Friday, April 1, 2016

Chinese New Year Break: Interview with HNC Student Lauren Barney

Hi Everyone!

Today’s post will feature an interview with Lauren Barney about her spring break travels. Every year in between Fall and Spring Semesters at the Hopkins-Nanjing Center, we have a two month long break for Chinese New Year. During this time some students will find short-term internships, while others will instead visit home or travel.

Lauren is a HNC Certificate/SAIS MA student currently studying at the HNC. This semester she is also serving as a representative on the student body’s Class Committee!

Chelsea: Hi Lauren! Thanks for meeting with me today. I was wondering if you could share with everyone where you went and what you did over the HNC’s long spring break for Chinese New Year (Chun Jie)?

Lauren: Over break I went many places. I went to Bangladesh, India, Thailand, Beijing, and then Hong Kong before coming back to the HNC.

First, I joined eight other SAIS students from Washington, D.C. for the Frontiers in Energy, Science and Technology trip in Bangladesh where we studied the effects of climate change and adaptation. It was really cool! While there we met with multiple stakeholders in Bangladesh who are doing climate change adaptation that are currently drawing up policy recommendations in order to mitigate climate change’s adverse effects. They are making a plan to combat these most effectively.

SAIS Team in Bangladesh
Then I traveled on to India where I met a lot of different people. First I visited an old friend’s family there and attended some Indian weddings! I got to wear an Indian suit for the first time, and I had a great time getting to know their family. I also met up with some SAIS alumni in India.

Next I went to Thailand and met up with other HNC-ers. We had fun being super touristy. Afterwards, I went to Beijing where I got to see fireworks during Chinese New Year. I got to run through them on my way to my friend’s house. It was cool to see Chinese culture up front for Chinese New Year. Everyone was with their family and there were lots of celebrations.

From there I went to Hong Kong and met up with two more HNC-ers, Peter and Jeffrey. We had fun exploring East versus West and all of that good stuff.

Chelsea: So were there a lot of people in Beijing and Hong Kong then, or was it mostly empty? I know a lot of Chinese people generally go home to visit family.

Lauren: It was super empty actually! Well, Hong Kong was pretty full because by the time I went there it was already Lantern Festival time. That was cool though because I got to visit a Lantern Festival on the harbor in Hong Kong. There were tons of people there. There were actually also a lot of tourists visiting Hong Kong from the Mainland on Chun Jie vacation.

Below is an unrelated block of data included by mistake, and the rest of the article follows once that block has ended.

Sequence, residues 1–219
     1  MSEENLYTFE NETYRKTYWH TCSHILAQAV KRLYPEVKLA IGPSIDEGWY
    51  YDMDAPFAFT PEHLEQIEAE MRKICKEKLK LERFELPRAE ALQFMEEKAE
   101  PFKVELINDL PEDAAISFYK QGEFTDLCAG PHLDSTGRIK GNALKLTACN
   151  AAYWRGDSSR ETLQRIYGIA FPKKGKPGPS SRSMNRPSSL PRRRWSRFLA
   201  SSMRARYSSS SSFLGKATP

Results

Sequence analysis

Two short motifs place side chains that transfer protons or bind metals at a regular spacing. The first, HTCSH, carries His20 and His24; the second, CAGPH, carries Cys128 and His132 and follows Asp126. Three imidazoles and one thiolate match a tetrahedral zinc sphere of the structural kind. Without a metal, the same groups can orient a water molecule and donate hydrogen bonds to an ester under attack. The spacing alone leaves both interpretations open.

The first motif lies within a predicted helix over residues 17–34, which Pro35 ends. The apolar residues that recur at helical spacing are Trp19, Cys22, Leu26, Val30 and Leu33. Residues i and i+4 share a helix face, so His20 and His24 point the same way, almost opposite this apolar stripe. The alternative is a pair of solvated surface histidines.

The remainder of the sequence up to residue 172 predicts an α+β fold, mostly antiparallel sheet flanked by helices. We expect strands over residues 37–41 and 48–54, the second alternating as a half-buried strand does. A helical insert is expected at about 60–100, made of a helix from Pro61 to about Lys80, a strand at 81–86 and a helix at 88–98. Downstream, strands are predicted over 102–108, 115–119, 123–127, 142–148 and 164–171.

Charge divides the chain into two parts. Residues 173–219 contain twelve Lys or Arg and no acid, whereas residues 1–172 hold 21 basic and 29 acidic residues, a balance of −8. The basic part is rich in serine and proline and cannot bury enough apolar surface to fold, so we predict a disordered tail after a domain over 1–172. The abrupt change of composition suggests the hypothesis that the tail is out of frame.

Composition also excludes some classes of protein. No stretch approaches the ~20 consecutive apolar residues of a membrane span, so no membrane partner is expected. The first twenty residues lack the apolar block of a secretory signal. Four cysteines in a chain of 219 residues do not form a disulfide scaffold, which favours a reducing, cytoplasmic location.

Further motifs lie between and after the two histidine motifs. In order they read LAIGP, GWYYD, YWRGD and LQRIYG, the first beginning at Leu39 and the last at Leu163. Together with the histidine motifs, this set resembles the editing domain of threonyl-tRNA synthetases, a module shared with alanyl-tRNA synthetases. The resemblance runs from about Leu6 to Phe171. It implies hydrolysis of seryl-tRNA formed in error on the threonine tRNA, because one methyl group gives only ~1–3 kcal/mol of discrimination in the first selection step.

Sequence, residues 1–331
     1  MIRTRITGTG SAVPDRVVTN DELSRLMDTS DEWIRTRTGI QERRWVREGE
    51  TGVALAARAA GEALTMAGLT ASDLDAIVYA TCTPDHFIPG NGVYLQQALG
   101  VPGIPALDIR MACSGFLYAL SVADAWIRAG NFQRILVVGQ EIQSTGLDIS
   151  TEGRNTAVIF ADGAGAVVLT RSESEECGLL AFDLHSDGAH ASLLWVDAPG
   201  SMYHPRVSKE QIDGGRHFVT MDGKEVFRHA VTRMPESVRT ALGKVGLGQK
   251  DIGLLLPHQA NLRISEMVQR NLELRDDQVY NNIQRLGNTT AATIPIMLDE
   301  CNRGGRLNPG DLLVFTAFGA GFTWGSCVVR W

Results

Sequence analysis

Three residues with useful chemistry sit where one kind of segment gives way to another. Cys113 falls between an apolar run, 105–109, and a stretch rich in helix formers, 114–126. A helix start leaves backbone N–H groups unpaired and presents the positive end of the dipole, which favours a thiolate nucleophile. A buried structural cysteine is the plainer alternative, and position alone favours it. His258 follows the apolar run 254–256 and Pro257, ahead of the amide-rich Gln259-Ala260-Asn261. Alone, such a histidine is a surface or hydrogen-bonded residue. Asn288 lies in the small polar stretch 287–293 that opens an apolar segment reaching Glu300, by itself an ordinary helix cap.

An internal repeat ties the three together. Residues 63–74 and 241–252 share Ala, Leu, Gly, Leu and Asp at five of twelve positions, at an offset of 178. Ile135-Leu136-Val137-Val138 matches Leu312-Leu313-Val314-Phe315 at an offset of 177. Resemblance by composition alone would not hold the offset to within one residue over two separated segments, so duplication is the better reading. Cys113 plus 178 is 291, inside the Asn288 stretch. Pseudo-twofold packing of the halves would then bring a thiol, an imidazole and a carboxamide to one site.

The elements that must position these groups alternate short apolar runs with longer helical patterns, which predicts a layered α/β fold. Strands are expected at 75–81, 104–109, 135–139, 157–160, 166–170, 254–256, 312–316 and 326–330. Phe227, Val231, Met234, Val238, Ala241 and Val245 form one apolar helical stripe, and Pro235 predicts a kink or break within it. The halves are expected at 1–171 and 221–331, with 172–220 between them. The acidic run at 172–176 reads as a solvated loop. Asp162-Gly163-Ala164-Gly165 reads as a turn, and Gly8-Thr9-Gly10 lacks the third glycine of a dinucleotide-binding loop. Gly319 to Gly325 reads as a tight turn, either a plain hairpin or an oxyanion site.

But Beijing was empty! It was so cool because I lived there for a summer and it was full all the time. This time though even the train from Nanjing to Beijing was mostly empty. There were maybe 20 people on the train which normally is packed full with hundreds of people. I was also the only person walking around Beijing, where streets are normally full.

Empty street in Beijing
 Chelsea: Yeah, I lived in Beijing previously as well for a year. I have never been over Chun Jie however, so that must have been really interesting to see the city empty! During your trip were there any more striking images or experiences that stood out to you?

Lauren: In Bangladesh one of the really interesting images was seeing one section of the city where many people with drastically different levels of income lived near one another. It was interesting to see those different socio-economic classes converging in one place. There were some people on the street with no teeth or shoes while around the corner there was someone dressed in a fine Western suit or driving luxury cars.
SAIS Team in Bangladesh

In Beijing I also visited an art studio in a less-developed area which was cool to see since it was inter-mingled with the smaller streets. You would walk by homes and see families eating together. It kind of gave me a view of less developed areas of Chinese cities, or what larger cities would have looked like overall in the 1990s.

Chelsea: Do you have any travel tips or advice for students before we go?

Lauren: After Fall semester I kind of wanted to go home or to some Western country again. What I think is really special though is that I traveled instead and took advantage of the long vacation that you’ll probably never get again in your life if you don’t celebrate Chinese New Year on the Lunar Calendar! I think it’s important to take advantage of this time and explore the world.
That’s our interview for today! Hopefully it will inspire you guys to make travel plans for your time at the HNC or to dream big.

Till next time!